In a manner of speaking, annual goals are like a road map. Where’s the child heading this year? What will he or she work on, both academically and in terms of functional development? What does the IEP team feel the child can achieve by the end of the year–again, academically and functionally? A well-written goal should be (a) positive, and (b) describe a skill that can be seen and measured.

It answers the questions:

Who?. . . will achieve?

What?. . . skill or behavior?

How?. . . in what manner or at what level?

Where?. . . in what setting or under what conditions?

When?. . . by what time? an ending date?

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IDEA’s Exact Words

(2)(i) A statement of measurable annual goals, including academic and functional goals designed to—

(A) Meet the child’s needs that result from the child’s disability to enable the child to be involved in and make progress in the general education curriculum; and

(B) Meet each of the child’s other educational needs that result from the child’s disability… [§300.320(a)(2)(i)(A) and (B)]

The Close Tie Between the “Present Levels” Statement and the Annual Goals

IDEA uses the terms “academic and functional” to describe the kind of goals that need to be written. If you read the separate article about the “present levels” statement, you’ll recognize both terms. Their use here, with respect to annual goals, indicates that the writing of measurable annual goals flows from the content of the “present levels” statement, where the IEP team described the child’s present levels of academic and functional performance.

As you can also tell by IDEA’s verbatim words above, a child’s annual goals must be crafted with careful attention to enabling the child to be involved in, and make progress in, the general education curriculum. Again, we see in IDEA’s language the close tie between the “present levels” statement and the annual goals that are then developed. The “present levels” statement must include a description of how the child’s disability affects his or her involvement and progress in the general education curriculum. This information will be useful to the IEP team in developing annual goals that are mindful of the child’s participation in general education.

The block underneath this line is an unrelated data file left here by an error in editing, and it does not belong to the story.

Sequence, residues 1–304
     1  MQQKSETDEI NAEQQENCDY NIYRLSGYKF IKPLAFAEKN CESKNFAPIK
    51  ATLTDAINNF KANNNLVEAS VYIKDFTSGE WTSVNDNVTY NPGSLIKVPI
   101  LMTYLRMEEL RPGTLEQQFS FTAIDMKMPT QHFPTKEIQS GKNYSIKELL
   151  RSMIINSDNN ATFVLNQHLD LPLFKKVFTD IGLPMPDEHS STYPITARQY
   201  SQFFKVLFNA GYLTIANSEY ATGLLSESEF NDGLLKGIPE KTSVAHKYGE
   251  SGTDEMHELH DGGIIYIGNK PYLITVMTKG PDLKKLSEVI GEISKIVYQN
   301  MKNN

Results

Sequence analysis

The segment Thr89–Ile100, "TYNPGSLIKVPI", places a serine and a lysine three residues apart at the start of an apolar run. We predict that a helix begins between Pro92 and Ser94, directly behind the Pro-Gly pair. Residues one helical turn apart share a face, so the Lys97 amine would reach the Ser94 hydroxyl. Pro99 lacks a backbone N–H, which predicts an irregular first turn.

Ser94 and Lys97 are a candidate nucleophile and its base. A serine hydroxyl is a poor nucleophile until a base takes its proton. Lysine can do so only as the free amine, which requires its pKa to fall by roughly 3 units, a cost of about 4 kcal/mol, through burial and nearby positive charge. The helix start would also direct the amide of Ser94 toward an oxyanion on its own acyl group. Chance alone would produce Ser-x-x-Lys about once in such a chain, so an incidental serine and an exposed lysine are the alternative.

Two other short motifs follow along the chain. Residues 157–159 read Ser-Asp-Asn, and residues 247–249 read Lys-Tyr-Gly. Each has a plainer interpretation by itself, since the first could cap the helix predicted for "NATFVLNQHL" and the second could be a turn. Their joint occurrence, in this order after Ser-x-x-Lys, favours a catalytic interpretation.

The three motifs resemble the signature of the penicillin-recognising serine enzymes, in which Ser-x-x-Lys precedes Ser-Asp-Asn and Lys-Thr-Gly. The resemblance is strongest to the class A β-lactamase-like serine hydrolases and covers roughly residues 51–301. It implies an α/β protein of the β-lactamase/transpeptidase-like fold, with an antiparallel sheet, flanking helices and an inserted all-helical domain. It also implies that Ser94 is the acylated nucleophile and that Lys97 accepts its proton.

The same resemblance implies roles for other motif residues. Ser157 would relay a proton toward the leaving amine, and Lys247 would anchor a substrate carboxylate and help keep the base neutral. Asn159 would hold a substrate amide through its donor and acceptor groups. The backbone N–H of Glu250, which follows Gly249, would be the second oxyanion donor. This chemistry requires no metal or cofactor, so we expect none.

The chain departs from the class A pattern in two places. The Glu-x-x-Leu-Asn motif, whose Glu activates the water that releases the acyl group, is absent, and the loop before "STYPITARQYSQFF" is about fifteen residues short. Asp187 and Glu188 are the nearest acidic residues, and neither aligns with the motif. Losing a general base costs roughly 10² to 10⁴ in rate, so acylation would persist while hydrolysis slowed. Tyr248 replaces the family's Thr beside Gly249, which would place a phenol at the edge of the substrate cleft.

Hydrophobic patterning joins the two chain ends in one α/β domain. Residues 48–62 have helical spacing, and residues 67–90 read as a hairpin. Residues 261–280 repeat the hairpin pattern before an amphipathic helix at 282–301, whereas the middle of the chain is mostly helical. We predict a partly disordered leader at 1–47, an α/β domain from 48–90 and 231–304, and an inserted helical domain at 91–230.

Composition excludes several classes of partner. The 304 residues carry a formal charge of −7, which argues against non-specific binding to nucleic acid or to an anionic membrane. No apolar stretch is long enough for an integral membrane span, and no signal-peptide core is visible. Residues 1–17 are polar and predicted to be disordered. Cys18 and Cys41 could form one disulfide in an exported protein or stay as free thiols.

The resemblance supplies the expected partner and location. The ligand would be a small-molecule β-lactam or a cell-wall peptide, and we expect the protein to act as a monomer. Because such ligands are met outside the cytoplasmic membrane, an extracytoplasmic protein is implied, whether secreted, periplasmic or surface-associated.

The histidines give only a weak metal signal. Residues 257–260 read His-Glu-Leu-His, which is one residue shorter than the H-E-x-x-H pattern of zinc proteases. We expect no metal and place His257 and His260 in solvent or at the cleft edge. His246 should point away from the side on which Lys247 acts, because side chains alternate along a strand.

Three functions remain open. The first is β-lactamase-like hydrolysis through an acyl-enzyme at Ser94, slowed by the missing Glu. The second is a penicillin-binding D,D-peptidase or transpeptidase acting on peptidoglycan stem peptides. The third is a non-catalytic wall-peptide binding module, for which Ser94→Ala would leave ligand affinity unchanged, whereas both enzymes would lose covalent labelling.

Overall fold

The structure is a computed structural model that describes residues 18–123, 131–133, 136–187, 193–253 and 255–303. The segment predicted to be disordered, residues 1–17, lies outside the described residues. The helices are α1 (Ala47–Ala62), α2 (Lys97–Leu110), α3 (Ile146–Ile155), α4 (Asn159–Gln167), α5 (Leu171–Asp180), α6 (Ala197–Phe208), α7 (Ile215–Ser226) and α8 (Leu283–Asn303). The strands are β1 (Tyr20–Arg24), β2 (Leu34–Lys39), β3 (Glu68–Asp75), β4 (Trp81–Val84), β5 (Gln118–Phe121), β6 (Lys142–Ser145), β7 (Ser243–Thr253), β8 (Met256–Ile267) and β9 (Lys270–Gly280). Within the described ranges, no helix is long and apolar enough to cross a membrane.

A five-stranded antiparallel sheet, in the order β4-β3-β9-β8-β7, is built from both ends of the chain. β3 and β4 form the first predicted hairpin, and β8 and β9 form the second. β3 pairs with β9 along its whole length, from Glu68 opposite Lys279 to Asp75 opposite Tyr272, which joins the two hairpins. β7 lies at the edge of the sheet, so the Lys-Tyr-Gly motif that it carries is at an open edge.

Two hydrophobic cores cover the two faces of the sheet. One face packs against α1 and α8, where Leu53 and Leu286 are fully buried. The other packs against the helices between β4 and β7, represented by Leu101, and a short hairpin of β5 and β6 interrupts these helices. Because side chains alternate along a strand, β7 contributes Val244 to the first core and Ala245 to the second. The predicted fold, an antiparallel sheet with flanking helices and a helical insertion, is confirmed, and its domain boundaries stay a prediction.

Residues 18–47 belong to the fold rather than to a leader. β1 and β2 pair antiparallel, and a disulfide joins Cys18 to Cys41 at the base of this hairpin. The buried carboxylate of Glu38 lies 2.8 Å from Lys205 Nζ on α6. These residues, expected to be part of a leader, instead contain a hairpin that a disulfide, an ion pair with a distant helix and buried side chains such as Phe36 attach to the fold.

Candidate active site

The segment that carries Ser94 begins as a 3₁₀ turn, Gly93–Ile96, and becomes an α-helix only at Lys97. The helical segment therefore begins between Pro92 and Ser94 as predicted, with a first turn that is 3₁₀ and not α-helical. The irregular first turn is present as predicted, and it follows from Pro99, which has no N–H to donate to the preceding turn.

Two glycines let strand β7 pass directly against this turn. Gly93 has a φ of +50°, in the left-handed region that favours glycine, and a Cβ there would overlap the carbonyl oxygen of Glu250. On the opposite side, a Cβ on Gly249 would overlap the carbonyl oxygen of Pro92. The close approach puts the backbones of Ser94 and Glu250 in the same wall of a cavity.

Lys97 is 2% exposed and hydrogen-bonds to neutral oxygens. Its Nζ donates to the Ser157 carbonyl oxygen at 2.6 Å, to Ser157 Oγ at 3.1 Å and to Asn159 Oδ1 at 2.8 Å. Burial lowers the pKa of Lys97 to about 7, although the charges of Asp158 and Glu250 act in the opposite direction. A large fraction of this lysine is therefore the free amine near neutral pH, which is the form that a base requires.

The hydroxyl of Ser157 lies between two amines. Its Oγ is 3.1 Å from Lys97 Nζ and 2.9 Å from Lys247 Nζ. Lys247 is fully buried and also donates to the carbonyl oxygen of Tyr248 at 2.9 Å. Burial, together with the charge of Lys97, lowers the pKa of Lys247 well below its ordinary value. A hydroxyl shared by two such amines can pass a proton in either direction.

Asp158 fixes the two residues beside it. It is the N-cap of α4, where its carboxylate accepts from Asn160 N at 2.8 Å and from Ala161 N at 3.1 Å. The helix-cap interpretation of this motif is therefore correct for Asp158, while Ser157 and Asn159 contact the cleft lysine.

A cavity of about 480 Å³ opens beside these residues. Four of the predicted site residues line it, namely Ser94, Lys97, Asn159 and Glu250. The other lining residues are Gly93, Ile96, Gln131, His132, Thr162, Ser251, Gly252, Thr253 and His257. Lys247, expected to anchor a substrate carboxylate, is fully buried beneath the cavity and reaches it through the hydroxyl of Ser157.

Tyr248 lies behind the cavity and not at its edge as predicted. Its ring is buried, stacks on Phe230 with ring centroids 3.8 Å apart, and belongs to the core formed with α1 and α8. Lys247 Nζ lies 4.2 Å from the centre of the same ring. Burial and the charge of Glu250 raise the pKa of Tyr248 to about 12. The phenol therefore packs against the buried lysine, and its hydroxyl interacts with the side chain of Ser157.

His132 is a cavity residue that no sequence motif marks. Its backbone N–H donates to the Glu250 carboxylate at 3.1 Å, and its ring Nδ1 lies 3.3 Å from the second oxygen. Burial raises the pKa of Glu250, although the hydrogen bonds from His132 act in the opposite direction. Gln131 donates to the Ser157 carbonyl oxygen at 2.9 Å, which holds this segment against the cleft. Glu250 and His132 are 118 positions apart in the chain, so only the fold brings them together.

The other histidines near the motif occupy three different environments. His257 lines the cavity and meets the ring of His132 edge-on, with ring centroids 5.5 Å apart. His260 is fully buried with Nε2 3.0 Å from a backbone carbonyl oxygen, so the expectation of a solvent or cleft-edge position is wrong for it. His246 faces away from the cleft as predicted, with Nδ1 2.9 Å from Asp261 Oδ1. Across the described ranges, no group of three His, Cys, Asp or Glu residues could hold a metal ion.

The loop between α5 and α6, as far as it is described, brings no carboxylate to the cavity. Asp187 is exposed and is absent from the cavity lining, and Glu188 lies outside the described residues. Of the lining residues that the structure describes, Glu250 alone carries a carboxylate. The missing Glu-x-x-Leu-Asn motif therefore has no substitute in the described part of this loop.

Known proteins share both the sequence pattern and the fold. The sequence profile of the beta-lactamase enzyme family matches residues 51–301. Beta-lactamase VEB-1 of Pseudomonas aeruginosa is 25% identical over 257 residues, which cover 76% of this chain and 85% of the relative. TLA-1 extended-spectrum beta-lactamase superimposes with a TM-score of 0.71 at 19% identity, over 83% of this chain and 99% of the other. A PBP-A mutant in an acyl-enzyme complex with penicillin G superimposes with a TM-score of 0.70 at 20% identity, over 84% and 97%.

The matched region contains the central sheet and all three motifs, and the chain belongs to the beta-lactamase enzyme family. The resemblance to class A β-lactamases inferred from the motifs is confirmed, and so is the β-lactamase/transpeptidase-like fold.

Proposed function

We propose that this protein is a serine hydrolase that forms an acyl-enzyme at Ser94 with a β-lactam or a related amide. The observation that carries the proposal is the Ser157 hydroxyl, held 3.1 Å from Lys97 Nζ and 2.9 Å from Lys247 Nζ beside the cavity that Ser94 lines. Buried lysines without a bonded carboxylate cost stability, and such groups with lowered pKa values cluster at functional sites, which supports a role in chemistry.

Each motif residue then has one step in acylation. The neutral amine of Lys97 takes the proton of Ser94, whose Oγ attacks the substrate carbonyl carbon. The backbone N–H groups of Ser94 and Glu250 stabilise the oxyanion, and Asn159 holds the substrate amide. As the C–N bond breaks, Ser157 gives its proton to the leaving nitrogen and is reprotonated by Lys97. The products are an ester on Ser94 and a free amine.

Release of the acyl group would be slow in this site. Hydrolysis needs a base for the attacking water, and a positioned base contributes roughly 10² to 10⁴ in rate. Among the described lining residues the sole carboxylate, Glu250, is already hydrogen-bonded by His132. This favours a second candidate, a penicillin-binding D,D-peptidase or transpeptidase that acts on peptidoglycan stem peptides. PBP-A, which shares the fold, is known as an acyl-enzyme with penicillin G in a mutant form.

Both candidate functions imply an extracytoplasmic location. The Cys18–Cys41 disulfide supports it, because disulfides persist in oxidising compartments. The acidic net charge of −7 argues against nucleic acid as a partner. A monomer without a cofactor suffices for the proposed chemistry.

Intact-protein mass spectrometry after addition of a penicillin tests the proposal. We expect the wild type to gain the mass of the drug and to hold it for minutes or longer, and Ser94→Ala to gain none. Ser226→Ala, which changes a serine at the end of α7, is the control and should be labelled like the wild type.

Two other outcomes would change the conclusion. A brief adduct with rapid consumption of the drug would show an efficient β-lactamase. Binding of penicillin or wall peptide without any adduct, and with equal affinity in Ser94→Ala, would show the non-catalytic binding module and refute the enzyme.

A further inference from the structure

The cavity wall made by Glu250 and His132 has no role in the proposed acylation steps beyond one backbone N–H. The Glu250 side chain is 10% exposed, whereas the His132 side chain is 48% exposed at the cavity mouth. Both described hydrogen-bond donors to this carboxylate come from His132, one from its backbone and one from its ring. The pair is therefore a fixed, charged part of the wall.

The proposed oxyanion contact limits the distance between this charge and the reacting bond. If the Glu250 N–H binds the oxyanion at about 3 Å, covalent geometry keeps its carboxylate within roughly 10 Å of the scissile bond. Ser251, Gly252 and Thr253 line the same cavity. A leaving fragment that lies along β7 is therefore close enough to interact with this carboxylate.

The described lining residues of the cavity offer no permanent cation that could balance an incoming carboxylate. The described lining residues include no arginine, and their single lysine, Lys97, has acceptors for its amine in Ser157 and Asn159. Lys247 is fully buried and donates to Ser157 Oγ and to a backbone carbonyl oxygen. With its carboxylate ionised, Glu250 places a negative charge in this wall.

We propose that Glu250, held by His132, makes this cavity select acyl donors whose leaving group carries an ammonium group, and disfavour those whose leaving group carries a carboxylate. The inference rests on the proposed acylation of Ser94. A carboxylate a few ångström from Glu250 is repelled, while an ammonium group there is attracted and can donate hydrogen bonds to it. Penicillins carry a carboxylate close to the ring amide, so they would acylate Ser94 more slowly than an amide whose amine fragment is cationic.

But that’s not all. As IDEA also indicates, the child may have other educational needs that result from his or her disability. Those needs must be addressed through measurable annual goals in the IEP as well.

Using Prompting Questions

While each state and/or local school district typically develops its own version of the IEP form, the one absolute universal from district to district and state to state is that the IEP must contain the required information described in §§300.320 and 300.324.

It can be a challenge, to say the least, to create on paper a living, breathing, appropriate educational plan and to translate that plan into effective implementation. Some IEP forms lend themselves well to the IEP development process by incorporating descriptive, dynamic, and concrete language. One such example comes from the Implementation Guide developed by the Commonwealth of Massachusetts (2008), portions of which are quoted below as examples of how the development of an effective IEP can be facilitated by prompts that ask probing questions, pose appropriate considerations, and provide a format that promotes the capture of comprehensive information on, and for, a child. On the Massachusetts Implementation Guide, the very first prompt given for the development of annual goals says:

There must be a direct correlation between the annual goal(s) and the present level of educational performance. 

The next series of prompts asks:

What can the student currently do?
What challenging, yet attainable, goal can we expect the student to meet by the end of this IEP period?
How will we know that the student has reached this goal? 

And finally, the Implementation Guide adds: